Wednesday, May 12, 2021
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How to Research Your Birth Parents if You’re Adopted

How to Research Biological Family If Adopted

In the past, adoption has been a fairly taboo subject. This was often because of the stigma attached to having a child outside of marriage, or the shame of not being able to care for a child. Because of this, many adult adoptees were adopted under a closed adoption, meaning that they did not receive information about their birth parents growing up.

As an adult, you may have a need to learn more about your biological family. You might even want to connect with them. If you want to get to know a little bit more about your biological family, there are plenty of things you can do.

Here is a quick guide to finding information on your birth parents:

Get Non-Identifying Information

Non-identifying information is the most easily accessible information when it comes to your birth parents. It generally includes information such as a general physical description, any important medical information, race, and occasionally religion. It does not include details such as names, addresses, or telephone numbers.

Because of this, it can be a great starting point. If all you’re looking for is a general description of your birth parents, or you’re only interested in the basics, this can be an easy way to get that information without having to jump through hoops. And it could be all you need if you are just curious about health conditions.

But it’s not a useful way to actually find and/or contact your biological parents. For that, you need to go further.

Ask Your Adoptive Parents

Sometimes, even through a closed adoption, your adoptive parents might have some information on your birth parents. Your birth parents might even have given them specific contact information to give you when you turn a certain age.

Even if your adoptive parents don’t have any information that can specifically help you find your biological parents, they might still be willing and able to help you in your endeavor.

Find Your State’s Laws on Requesting Original Birth Certificates

Even if your parents adopted you through a closed adoption, your birth parents’ names should be on your unaltered birth certificate. An original birth certificate, which the hospital filed when you were born and had your birth parents’ names on it, is generally sealed away.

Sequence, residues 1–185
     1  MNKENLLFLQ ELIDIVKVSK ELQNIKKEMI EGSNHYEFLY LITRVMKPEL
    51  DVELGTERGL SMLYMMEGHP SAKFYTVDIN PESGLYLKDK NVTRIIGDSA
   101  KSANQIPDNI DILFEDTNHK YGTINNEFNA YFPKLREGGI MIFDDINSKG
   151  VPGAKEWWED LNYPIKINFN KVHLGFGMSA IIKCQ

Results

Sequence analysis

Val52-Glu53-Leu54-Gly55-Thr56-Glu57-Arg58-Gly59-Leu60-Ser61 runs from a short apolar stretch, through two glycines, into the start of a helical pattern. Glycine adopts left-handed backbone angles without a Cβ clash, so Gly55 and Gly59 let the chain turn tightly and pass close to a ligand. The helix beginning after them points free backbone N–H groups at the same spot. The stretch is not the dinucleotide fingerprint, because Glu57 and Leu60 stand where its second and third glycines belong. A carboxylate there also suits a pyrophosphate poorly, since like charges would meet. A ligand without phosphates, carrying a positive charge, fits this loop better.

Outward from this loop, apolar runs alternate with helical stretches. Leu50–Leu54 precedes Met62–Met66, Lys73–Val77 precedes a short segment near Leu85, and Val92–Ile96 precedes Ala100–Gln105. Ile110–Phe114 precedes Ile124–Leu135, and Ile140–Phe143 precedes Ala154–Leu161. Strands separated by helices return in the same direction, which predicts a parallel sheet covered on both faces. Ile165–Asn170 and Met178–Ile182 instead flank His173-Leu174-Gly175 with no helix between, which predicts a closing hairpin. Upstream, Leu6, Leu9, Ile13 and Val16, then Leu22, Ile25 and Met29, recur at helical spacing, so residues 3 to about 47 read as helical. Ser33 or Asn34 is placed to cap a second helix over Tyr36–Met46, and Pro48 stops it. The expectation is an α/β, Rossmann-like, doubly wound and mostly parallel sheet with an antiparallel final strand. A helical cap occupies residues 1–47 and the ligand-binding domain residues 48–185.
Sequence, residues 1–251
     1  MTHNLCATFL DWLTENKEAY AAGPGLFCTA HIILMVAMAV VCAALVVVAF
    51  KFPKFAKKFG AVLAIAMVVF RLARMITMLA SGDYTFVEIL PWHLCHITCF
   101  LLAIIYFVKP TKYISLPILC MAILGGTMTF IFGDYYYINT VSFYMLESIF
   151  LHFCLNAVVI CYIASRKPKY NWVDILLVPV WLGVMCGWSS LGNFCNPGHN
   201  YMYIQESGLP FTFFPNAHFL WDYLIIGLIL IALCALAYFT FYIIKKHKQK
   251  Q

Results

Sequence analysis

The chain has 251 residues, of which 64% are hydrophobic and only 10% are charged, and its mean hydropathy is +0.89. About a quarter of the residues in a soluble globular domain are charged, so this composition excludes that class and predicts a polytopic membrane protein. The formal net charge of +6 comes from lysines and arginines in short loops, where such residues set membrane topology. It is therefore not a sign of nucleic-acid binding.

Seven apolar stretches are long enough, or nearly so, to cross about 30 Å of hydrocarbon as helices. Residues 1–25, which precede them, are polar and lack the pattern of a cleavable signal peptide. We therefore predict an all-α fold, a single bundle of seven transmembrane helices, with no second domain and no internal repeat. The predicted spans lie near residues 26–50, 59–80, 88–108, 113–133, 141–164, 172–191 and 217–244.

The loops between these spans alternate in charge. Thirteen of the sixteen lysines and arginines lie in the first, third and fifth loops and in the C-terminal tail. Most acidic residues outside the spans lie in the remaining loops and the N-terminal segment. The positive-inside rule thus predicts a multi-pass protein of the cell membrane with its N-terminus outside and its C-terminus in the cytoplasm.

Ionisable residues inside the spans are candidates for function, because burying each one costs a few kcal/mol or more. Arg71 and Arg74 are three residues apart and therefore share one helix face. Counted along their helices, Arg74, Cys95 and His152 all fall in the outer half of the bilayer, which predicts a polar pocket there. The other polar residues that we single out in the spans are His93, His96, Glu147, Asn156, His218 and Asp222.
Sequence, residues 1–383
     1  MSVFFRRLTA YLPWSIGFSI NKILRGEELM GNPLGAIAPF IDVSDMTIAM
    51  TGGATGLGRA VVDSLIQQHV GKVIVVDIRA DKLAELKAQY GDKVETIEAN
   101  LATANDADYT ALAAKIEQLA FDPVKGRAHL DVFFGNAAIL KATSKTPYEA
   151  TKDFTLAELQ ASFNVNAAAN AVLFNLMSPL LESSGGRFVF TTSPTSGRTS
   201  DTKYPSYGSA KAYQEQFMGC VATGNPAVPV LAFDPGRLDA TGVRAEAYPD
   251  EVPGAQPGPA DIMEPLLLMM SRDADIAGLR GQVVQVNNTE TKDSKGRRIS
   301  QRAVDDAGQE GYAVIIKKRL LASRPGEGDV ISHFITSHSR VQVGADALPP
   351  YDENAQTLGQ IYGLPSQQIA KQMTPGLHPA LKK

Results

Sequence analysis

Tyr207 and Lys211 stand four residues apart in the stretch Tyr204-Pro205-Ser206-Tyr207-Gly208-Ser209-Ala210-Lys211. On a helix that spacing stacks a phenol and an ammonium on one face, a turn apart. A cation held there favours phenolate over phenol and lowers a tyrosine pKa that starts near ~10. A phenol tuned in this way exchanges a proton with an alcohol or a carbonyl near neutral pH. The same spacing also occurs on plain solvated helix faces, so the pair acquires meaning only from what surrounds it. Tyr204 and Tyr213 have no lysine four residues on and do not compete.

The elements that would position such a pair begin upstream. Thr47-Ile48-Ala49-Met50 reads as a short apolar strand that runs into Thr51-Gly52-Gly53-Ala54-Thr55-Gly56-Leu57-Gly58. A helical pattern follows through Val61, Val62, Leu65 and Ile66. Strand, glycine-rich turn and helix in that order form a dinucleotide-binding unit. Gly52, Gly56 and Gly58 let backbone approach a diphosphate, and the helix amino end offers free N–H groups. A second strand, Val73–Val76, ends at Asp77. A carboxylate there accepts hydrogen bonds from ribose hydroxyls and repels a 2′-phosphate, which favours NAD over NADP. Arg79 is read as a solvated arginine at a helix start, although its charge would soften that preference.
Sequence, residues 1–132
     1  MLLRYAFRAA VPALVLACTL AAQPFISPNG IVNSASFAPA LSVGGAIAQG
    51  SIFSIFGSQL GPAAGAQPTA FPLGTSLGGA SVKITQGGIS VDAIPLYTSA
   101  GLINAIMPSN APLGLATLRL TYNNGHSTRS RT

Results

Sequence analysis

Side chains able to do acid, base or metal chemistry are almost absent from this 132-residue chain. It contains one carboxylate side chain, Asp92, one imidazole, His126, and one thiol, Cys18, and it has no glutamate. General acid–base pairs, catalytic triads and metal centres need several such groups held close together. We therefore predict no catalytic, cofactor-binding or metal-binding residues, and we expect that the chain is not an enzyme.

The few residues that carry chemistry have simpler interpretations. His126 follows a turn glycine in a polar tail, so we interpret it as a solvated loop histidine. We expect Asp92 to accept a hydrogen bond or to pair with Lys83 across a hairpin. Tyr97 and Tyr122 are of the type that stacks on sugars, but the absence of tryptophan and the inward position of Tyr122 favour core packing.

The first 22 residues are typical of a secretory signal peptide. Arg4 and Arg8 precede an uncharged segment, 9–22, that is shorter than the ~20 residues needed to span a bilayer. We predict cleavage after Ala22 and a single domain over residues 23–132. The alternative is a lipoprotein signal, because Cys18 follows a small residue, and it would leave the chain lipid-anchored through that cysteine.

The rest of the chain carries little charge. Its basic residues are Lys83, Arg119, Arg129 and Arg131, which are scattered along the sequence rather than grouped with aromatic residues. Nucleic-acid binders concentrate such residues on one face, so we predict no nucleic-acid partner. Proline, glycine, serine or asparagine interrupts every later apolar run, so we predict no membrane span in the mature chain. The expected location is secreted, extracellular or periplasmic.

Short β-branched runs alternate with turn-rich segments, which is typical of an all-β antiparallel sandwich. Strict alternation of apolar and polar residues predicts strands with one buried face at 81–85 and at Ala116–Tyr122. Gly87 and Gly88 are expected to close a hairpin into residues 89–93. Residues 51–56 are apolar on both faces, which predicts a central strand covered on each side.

There are no federal laws regarding original birth certificates. The extent to which a birth certificate is sealed varies from state to state. Many states allow every adult adoptee to request a copy of their original birth certificate with no restrictions. Others require a court order, generally only given because of emergencies.

To find out more, you will need to look up your birth state specific regulations.

Request Your Original Birth Certificate

If you do live in a state where your original birth certificate and other birth records are available upon request, it’s a good idea to file a request to get the most reliable information. If you are in a state that has more stringent policies, you should still file a request if you are in the throes of a medical emergency. You can explain that to the judge and, hopefully, get a court order to access the birth certificate.

The original birth certificate should have your birth parents’ full names and the hospital where you were born. This is the best way to make sure you have your birth parents’ actual information. And it’s also the best piece of information you could have if you want to track them down.

Find Contact Information for Your Birth Parents

Though the birth certificate won’t have any current contact information, it should have your parents’ full names on it. That may not seem like much. But that information may be all you need to help you get in contact with your birth family. It just requires utilizing further investigative services to dig a little deeper.

A dedicated people search website can be the best way to try and find current contact information for your birth parents. Simply enter one or both names, as well as a city and state where they lived, and the service will locate all available related information. Hopefully, this includes an accurate, current address and other contact information.

With this contact info in hand, you could call, send an email, or mail them a letter. Want to meet them in person? You can run a background check to try to get even more important public info, like criminal records. That way, you can reassure yourself that it’s actually safe to go meet up with with your birth parents.

Finding your birth parents’ information after not knowing anything about them for a very long time can be a daunting task. But maybe now you want to get to know them a little bit. Or perhaps you have important questions to ask about why your parents placed you for adoption, information about your lineage, or any hereditary health conditions you should know about.

You may need closure, answers, or want to build a relationship with your birth parents. Whatever your reasons for wanting to find them, you can do it with just a little legwork and simple research.

For more information about researching your birth parents or other important people in your life, be sure to read the PeopleFinders Blog.

Photo credit: Ulza – www.shutterstock.com

PeopleFinders
PeopleFinders
PeopleFinders.com was launched in 1999 to give people easy access to public records data. The PeopleFinders mission is to find, organize and make information accessible - empowering people with meaningful answers.

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